By Charley Babb

The recent volatility in the stock and bond markets has many investors on the edge of their seats. This is understandable as all of the gains that took the various US equity indices to record highs earlier this year have been erased, and the index will finish the year below where they began in January 2018. US bonds have been in favor in the past few weeks in a flight to safety resulting in a 10-year US Treasury (“10UST”) yield of 2.70% as of the writing of this article. This is down from a 52-week high of 3.26% not long ago. While this is still higher than the 52-week low of 2.41%, it is indeed a positive change for borrowers of loan products that utilize the 10UST as an index for setting interest rates.

There are many theories as to why the stock market has become so bearish in recent weeks. The congressional impasse with President Trump on government funding has us in the second week of a US Government shutdown. Trade tensions with China are spooking many investors. The decision by the Federal Reserve on December 19th to raise its benchmark short-term rate to 2.5% is the fourth quarter point rate hike this year and the ninth increase since the end of 2015. The thirty-day LIBOR (“30LIBOR”)  rate will close the year at 2.51%, up from 1.56% a year ago and the US Prime rate is at 5.5%, up from 4.5% this time last year. That has some investors speculating that the Fed is applying the brakes to the economy too firmly and the resulting flat yield curve is portending a recession. The irony here is that the Fed continues to raise rates precisely because they hold a view that the economy is strong and will continue to perform well despite the current headwinds.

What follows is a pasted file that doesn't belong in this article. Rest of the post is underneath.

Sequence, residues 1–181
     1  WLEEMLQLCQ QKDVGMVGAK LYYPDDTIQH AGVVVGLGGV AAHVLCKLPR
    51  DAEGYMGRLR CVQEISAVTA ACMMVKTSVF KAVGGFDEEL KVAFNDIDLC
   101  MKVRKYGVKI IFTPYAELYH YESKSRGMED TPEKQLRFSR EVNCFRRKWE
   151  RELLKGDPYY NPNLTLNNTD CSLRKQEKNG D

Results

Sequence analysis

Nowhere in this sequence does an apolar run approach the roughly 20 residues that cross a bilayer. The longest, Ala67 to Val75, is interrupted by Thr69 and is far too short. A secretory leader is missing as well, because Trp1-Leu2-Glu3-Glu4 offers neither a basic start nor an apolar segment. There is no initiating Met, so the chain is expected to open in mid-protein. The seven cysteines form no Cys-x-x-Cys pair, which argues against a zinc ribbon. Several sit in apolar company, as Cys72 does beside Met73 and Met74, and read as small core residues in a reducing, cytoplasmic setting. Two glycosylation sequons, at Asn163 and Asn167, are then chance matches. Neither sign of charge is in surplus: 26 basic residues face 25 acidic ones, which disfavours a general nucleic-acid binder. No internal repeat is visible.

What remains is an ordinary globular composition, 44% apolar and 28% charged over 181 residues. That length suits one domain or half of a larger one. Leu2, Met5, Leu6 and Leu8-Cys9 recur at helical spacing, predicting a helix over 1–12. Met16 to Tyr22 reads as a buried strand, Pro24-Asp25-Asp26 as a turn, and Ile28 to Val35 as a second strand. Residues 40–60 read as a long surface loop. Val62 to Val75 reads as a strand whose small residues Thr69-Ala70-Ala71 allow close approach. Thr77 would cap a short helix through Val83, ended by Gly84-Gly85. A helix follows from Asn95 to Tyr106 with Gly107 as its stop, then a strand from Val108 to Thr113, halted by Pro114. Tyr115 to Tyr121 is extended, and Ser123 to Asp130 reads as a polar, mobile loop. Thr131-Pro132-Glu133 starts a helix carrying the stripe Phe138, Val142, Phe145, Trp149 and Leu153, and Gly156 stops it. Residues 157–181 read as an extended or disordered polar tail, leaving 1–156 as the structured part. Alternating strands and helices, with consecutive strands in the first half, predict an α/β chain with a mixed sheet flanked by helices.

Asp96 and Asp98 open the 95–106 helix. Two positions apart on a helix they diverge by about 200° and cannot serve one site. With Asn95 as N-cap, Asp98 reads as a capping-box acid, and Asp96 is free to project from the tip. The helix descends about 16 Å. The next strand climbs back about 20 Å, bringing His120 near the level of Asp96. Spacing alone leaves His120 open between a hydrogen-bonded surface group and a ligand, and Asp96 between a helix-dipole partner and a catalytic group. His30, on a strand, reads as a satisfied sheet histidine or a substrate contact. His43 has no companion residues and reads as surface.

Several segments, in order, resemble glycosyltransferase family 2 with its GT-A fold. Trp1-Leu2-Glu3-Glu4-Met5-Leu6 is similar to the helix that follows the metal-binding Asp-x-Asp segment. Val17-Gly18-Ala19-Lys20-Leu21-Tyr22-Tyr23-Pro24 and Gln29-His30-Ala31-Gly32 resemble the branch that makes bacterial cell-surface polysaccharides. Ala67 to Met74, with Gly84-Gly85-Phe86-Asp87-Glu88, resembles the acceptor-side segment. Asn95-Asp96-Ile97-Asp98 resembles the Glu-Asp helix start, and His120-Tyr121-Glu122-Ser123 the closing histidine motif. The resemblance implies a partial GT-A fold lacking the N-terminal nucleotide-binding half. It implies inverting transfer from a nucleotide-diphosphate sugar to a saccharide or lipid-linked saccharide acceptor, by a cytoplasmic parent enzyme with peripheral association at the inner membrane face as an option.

Whatever the reasons for the current state of affairs in the capital markets, the abrupt turnabout is creating opportunities for savvy borrowers. The first and most obvious opportunity for borrowers on the fence about locking into a 10-year fixed-rate loan; they just got a New Year’s gift. While spreads have widened as the 10UST has moved in, effective interest rates are down a bit from where we were 60 days ago. This might be an excellent time to apply for the long-term, fixed-rate mortgage they were contemplating.

Possibly less obvious, but certainly relevant to those who are currently or soon entering into floating interest rate products, interest rate caps are on sale. The cost of the rate caps has dropped dramatically over the last 30 days. With current interest rate levels retreating, the futures curves have created a much more attractive environment and pricing for structures and strategies to mitigate interest rate risk. Some interest rate cap costs have plummeted by as much as 50% in the last month. For instance, a two-year rate cap with a 30LIBOR strike price of 3.0% would only cost 20 basis points today, and a three-year cap would only cost 46 basis points.

Should one currently have a loan that matures in the next couple of years, and they are concerned about rising interest rates at that time, another possible option to consider is the purchase of an interest rate swaption. For an upfront fee, a swaption allows a borrower to cap their fixed-term financing rate at a level based upon current rates (the strike interest rate), to hedge that future financing need. The borrower has the right but not the obligation to exercise the option in the future depending upon where actual rates are at that time. If interest rates are higher than the swaption’s strike rate, the swaption will compensate the borrower for the difference. If interest rates are lower, it is analogous to purchasing auto insurance and not having an accident. The borrower can enter into a loan at a lower rate than the swaption rate. Just like rate caps, swaptions can be highly customized and tailored to the needs of the borrower. Now is an excellent time to consider this strategy if it applies to you.

As is often the case, volatility in some markets can create opportunities in others. Some borrowers can certainly take advantage of the current state of affairs. We stand ready to assist you no matter the situation in which you currently find yourself.

The author, Charley Babb, is a Principal and Senior Director at Metropolitan Capital Advisors.  Charley may be reached at 303-598-7652 or

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